our own country and they can be solved with proper attention abroad. We're working very hard to overcome these difficulties. Most of their food distribution developing or emerging nations of the world the underdeveloped areas. Some of the underdeveloped areas with those in Africa particularly are getting their standard of living up to a point where they are now competing with us for our agricultural market. Something back to hot summer is there any feeling by you or others in our government that this is good or bad. Well I think we have to recognize that as these countries strengthen their economies they're going to move into competition for commercial markets. But but we want to keep in mind that our best customers for the things that we have to sell are also the countries
that are exploiting the largest quantities of goods for example a candidate with a population of a fraction of the size of Africa. It is a much better customer for the thanks that we have to sell than our republics in Africa yet Canada is also a great competitor of ours on world markets. We can't expect to sell the produce of our farms and factories on a large scale to underdeveloped countries. That's why it's in our long range interest to help them even though it brings them into competition with some respects do you think the current world is hurting a little bit as a result of our market there. Well I'm sure that the communist countries would welcome the kind of food resources that we have here in the United States the lack of food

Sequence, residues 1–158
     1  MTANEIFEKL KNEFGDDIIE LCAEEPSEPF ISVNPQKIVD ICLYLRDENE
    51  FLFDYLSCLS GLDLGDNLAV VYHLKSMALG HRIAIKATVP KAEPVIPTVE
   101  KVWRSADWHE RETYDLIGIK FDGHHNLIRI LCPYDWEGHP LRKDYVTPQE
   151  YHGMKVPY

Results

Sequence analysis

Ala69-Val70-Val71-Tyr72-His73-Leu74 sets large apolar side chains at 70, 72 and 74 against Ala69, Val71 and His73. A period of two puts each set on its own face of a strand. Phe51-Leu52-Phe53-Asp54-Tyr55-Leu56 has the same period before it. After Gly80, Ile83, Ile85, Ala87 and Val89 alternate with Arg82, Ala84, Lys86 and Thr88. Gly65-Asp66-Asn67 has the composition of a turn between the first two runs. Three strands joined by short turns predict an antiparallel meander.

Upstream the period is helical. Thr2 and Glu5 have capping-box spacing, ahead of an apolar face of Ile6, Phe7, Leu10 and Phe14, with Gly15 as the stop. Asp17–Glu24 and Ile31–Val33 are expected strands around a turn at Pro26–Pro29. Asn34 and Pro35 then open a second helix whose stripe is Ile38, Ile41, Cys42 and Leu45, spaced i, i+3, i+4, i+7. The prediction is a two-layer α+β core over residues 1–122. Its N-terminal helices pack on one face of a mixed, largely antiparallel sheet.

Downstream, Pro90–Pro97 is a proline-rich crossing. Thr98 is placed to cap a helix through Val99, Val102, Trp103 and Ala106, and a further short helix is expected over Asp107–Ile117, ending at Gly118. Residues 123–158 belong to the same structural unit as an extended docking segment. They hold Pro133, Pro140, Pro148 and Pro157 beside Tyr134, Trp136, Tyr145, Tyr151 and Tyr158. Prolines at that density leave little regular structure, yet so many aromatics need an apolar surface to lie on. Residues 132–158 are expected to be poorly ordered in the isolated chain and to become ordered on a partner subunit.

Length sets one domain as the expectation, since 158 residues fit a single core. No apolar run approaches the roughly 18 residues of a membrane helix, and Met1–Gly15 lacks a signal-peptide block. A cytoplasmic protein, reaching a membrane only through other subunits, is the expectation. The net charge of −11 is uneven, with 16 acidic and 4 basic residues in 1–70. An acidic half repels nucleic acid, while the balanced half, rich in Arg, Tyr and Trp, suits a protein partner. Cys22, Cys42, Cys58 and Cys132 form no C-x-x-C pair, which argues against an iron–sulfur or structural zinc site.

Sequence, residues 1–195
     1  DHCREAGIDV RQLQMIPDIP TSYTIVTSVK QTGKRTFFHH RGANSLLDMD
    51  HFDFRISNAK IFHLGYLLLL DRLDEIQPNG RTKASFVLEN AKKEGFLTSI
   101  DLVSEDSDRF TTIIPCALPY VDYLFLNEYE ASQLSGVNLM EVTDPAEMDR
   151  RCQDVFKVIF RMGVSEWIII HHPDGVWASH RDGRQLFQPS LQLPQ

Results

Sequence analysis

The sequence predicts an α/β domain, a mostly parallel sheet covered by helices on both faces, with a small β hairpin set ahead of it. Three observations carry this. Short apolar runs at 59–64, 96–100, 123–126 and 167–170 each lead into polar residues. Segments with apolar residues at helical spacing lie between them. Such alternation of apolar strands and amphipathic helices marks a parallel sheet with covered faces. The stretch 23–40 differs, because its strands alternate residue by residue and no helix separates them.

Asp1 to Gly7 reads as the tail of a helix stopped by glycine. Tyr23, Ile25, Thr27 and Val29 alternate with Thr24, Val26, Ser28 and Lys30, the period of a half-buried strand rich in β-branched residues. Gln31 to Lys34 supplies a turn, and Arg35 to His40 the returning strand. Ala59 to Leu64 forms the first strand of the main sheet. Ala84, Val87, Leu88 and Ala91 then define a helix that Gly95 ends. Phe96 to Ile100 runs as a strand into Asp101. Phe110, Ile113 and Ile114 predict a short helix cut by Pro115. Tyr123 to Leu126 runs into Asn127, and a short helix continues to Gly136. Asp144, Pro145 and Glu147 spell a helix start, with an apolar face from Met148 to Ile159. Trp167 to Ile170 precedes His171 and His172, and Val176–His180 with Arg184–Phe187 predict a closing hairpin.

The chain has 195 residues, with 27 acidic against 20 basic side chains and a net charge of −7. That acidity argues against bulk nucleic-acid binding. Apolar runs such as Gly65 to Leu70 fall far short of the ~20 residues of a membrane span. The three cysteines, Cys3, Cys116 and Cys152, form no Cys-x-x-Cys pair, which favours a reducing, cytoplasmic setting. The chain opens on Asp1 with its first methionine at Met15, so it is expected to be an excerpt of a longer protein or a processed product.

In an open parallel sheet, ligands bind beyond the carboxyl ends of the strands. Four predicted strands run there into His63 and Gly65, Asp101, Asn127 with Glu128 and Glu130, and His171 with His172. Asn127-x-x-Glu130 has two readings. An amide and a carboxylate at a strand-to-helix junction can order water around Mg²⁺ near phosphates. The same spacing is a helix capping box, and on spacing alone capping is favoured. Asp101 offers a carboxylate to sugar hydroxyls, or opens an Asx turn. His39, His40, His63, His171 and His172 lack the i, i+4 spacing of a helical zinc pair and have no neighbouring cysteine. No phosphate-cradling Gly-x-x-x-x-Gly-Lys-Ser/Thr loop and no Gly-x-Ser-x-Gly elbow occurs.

in Mainland China is slowing down their development efforts. They're being forced to use some of their precious foreign exchange to buy food from the Western countries. They recognize and I'm sure Mr. Cruz recognizes that we have a great asset here in our competition with the Sino-Soviet and the productive genius of the American farmer. Now what I was thinking the competitive factor in these underdeveloped areas where the communists are trying to make cars and they can deliver machinery but they can't deliver a very effective weapon. At robbery and that's very true. I suppose that more people in the developing countries are concerned with where the next meal is going to come from than with any other single problem and while they may have been impressed with the Russian satellite space flight I'm sure they will be even more impressed